Allocate reasonable budget to Parly: Mudenda

SPEAKER of the National Assembly Jacob Mudenda has called on the Finance ministry to allocate a reasonable budget to Parliament as well as prioritise the construction of the new Parliament building in Mount Hampden near Harare.

BY VENERANDA LANGA

Addressing MPs during the 2019 pre-budget seminar in Bulawayo last week, Mudenda stressed the need for a well-resourced Parliament which can accommodate 270 MPs in the National Assembly and 80 Senators, saying it was not decent for legislators to stampede for chairs in the House.

Quite often, during the National Assembly sittings, MPs fight for chairs, and at times they trade barbs as well as push and shove each other, disturbing the flow of debates in the House.

During the Eighth Parliament, female MPs even complained that they were not comfortable with the overcrowding and seating arrangements where they were squashed in between their male counterparts.

“The sovereignty of our Parliament demands that Parliament be allocated a reasonable budget vote, which it should manage so that it can transact its constitutional mandate without material challenges,” Mudenda said.

“A well-resourced Parliament is a dignified institution and in the same vein, there is an urgent need for government to prioritise the construction of the new Parliament building in Mount Hampden in order to accommodate the huge demand for office space by MPs and Parliament staff.”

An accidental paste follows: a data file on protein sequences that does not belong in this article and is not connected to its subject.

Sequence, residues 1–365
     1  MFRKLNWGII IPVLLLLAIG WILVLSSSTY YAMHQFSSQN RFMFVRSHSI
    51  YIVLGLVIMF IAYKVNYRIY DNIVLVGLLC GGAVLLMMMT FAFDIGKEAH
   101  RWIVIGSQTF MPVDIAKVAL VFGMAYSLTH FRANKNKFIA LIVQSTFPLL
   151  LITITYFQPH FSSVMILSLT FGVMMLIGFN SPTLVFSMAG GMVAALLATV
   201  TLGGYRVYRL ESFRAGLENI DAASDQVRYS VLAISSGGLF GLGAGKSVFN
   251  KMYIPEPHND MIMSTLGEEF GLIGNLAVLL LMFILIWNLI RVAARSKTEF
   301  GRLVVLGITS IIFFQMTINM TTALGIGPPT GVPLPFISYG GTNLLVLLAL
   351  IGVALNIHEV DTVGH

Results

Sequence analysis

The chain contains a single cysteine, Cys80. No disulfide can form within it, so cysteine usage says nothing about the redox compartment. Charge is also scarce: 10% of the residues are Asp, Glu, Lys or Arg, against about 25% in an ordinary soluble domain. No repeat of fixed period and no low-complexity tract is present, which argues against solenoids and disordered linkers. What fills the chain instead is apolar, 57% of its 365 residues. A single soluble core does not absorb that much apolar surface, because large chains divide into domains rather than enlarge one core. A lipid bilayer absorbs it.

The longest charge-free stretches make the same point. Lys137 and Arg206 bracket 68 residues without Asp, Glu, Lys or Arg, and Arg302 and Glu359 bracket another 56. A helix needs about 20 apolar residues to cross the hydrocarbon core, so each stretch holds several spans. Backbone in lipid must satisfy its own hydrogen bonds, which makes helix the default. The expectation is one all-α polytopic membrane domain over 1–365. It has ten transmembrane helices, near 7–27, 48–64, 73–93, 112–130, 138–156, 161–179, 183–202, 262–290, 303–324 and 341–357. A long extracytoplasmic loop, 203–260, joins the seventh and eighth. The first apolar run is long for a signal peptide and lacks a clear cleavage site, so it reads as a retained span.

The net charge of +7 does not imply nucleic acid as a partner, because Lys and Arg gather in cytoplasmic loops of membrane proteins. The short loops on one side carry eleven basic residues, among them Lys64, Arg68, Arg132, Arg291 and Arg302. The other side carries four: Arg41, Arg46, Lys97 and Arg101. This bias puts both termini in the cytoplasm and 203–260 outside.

Mudenda said the fact that MPs were stampeding for seats in the House was a shame as it detracts the decorum of Parliament.

“I call for the relevant government departments involved to burn the midnight candle and ensure that there is speedy progress in the construction of a new Parliament building. This stance can only be realised if MPs desist from allowing the 2019 budget to pass through instead of passing it after some incisive debate,” he said.

In the 2018 budget, then Finance minister Patrick Chinamasa allocated $57 million to Parliament yet MPs had bid for $100 million. The Parliament budget was later increased to $90 million.

Mudenda also challenged parliamentary committees to come up with solutions to deal with the fiscal deficit and also proffer solutions to government’s employment costs, which have been gobbling the biggest chunk of the budget.

“Committees should come up with measures to control the ballooning domestic and external debt of $16,9 billion and $5,6 billion, respectively. Committees should stimulate debate on how the budget can be used as a tool for the industrialisation of our economy in order to create jobs and thereby increase the revenue base,” Mudenda said.